Lucilla, riding out with Emily to the farm, had plenty to say about the new regiments. “La! The quizzes. The shocking fops … ogling a girl so she daren't go out,” cried Lucilla, trying all Tiffany's hats and bonnets on her black head. Since Tiffy never came to town now it was wicked to leave them in their boxes. “Aunt Darien always said I would be fascinating in the right clothes,” declared Lucilla, prinking. “I suppose you couldn't lend me this saffron bonnet, Tiffy? It is still quite modish.”

Tiffany could. Lucilla had Caroline's bright colouring and lack of humour, along with all the little tricks taught by Darien. So perhaps she would be popular, thought Tiffany; a little pitying and superior to Lucilla, who set store by such things, and trying to stay herself on the philosophies in Major Henry's books.

But neither philosophers nor saints seemed to have experienced just what Tiffany had … and being men how could they? There should be a philosophy written for women, who needed it so much; who were taught so little and yet expected to keep their house in better order than men ever did. A ramshackle old world, thought Tiffany, trying valiantly to laugh at it, at herself who had built so fine a man out of nothing. Of nothing, she repeated daily, conscious that only incessant scorn would keep Dick Sackville dead.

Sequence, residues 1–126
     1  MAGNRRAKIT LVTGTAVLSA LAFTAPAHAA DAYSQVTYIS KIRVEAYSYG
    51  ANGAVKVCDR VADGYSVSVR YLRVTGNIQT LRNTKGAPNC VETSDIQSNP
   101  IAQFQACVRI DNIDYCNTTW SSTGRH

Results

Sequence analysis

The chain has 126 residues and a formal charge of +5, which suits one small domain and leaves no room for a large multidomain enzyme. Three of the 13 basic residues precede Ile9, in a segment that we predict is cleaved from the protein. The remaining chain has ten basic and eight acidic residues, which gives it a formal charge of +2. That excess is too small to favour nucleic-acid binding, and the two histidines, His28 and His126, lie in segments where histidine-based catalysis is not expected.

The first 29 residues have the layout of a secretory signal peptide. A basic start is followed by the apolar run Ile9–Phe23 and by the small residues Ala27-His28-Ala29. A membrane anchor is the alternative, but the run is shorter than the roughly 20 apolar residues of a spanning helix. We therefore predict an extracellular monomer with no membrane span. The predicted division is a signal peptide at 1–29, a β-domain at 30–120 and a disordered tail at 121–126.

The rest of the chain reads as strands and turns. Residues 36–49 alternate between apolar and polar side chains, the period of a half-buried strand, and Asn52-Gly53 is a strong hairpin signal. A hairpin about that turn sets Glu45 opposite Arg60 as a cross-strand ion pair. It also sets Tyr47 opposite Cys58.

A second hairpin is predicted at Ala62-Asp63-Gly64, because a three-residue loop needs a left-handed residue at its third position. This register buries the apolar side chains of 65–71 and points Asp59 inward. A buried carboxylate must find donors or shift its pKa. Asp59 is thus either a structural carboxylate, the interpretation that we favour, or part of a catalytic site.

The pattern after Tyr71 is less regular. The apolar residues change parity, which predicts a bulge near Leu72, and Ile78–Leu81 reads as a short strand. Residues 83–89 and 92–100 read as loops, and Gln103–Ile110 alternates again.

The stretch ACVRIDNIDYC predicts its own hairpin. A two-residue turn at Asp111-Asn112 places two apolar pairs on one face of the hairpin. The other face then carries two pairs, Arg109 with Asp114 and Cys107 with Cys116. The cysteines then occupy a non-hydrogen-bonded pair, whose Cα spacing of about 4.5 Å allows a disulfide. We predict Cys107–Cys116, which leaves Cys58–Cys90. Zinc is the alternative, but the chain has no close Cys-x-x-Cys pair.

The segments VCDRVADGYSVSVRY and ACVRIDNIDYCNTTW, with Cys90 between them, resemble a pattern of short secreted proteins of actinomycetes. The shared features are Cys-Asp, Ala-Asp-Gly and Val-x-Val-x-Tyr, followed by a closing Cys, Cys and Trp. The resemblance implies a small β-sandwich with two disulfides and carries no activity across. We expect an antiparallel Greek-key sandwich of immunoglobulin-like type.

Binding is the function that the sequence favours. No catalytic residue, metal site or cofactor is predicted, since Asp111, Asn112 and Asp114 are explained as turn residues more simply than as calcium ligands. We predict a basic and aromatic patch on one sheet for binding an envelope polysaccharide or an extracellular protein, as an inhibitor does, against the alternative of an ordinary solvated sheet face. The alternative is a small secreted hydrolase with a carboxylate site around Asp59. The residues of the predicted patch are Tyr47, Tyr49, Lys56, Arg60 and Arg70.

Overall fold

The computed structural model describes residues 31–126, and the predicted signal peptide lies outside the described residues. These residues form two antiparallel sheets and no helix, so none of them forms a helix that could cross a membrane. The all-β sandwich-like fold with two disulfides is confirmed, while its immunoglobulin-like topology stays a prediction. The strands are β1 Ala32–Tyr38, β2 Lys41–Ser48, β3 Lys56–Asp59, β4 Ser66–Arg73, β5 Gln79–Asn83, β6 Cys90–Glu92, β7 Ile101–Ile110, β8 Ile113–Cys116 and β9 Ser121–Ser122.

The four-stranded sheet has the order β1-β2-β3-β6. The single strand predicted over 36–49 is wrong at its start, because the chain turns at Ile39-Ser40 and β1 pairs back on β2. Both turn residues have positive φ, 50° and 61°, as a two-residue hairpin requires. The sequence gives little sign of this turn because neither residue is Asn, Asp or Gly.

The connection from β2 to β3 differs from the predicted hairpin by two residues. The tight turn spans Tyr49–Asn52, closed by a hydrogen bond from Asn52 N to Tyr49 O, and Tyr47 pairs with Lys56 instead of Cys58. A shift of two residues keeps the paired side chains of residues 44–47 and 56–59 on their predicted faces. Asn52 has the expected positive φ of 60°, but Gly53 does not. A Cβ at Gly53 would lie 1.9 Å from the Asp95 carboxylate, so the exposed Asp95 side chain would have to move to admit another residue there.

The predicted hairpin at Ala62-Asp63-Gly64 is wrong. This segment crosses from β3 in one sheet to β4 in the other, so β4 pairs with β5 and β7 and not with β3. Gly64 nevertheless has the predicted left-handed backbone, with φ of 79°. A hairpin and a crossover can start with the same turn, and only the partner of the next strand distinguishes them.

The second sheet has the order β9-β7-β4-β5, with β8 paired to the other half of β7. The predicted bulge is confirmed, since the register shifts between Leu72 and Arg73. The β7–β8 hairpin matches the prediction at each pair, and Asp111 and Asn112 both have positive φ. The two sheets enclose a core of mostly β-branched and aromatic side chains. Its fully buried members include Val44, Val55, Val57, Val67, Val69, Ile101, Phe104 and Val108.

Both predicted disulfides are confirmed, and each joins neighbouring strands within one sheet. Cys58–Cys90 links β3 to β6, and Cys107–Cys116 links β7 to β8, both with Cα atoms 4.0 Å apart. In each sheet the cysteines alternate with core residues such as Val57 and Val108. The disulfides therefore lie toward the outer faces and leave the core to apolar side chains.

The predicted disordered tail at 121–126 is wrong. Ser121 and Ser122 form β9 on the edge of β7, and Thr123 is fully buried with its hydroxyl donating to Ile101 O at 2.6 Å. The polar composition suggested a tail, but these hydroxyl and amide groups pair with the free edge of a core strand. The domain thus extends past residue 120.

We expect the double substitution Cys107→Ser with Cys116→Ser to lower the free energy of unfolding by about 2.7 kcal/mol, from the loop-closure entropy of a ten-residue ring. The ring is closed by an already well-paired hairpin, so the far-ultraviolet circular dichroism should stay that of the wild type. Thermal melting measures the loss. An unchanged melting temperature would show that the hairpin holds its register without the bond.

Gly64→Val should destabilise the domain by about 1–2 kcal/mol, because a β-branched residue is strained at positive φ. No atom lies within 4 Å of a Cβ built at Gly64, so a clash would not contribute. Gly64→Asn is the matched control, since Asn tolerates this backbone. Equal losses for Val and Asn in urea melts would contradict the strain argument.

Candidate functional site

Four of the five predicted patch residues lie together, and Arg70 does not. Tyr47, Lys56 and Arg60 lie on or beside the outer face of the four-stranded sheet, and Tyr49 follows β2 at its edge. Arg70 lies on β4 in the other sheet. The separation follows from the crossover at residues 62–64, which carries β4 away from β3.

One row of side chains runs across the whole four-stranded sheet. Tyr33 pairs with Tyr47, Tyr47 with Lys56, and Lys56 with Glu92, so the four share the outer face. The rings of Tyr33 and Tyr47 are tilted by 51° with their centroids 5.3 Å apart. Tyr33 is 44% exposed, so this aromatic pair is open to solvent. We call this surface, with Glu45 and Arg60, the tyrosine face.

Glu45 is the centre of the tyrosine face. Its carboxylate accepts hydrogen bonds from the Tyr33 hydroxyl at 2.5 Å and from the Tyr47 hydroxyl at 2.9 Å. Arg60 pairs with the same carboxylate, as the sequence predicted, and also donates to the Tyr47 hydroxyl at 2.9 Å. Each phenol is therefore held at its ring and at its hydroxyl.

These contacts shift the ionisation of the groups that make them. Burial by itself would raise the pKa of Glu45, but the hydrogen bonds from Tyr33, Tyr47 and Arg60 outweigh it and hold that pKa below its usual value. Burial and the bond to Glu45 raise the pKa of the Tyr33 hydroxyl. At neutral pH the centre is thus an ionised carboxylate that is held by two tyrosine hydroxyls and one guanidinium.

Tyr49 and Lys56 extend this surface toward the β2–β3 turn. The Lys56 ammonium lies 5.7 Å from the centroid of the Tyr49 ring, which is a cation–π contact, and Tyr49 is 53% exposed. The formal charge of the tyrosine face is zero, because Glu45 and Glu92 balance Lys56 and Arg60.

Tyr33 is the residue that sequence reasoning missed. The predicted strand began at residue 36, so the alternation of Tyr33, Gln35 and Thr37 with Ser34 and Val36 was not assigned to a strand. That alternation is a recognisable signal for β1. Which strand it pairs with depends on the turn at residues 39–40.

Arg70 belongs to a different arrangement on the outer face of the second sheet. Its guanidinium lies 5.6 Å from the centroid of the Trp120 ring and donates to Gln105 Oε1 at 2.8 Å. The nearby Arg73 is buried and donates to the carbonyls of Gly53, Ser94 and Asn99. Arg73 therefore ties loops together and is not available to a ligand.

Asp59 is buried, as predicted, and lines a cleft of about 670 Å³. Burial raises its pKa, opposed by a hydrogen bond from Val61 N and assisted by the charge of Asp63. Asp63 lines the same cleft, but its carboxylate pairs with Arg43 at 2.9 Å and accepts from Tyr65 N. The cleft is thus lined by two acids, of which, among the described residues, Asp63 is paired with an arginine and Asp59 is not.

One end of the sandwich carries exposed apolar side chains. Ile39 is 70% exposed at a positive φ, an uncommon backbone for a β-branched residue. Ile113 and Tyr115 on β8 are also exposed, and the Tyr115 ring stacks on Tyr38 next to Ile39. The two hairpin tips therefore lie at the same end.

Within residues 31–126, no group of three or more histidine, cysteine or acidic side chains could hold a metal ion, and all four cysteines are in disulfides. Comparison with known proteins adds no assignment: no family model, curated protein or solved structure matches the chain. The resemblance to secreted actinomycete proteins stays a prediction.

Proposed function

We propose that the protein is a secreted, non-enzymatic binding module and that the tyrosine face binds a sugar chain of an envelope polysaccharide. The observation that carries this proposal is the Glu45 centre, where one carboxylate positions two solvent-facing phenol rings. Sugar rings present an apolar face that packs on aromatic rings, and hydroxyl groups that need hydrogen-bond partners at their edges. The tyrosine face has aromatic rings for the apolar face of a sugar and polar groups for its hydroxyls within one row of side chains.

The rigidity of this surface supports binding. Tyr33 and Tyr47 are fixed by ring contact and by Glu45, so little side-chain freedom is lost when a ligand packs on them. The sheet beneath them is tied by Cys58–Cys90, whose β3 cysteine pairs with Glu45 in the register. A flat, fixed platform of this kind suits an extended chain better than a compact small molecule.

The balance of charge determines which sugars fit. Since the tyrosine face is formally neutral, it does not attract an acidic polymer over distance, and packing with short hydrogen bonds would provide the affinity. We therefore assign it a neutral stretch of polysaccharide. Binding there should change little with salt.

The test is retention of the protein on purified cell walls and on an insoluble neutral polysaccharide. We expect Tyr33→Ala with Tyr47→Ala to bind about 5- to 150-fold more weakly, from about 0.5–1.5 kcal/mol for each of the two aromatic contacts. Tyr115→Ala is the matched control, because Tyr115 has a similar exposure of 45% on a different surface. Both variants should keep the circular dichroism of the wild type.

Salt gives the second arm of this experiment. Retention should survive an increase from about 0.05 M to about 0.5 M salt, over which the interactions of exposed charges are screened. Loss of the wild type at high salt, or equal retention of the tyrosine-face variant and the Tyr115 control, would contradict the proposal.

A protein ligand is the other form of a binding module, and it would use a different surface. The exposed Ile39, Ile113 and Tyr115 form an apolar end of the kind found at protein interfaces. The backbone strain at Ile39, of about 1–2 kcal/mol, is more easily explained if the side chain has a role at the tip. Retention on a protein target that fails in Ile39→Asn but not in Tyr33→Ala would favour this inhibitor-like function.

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Yet he wouldn't be quite dead, for so often she waked in the night to hear his laugh, to see his merry eyes peering with the moon through the window-pane….

“I must work hard. That's the only thing,” thought Tiffany, who certainly never learned that from the philosophers. Sally's beliefs in patience and Eternity were too tender for this fierce Tiffany who had bitten her arms into bruises in her childish tempers, who stung her soul now with contempt of herself and all mankind, who sought so hungrily for immortal reasons since mortal ones did not help.

Sturdy Sir John could not help; he was busy with setting Maoris to plough the brown furrows and murder Tane's trees, he giving himself to his Herefords, his Clydesdales, which Tiffany helped him gentle to the rein. “Lord, I wish I didn't have to sell this chap,” said John, grooming the shining barrel of some upstanding monster with legs as hairy as Esau's hands. But he would sell them all so that Caroline and the girls might be decked, and he'd never wonder why. A good beast of burden was Sir John.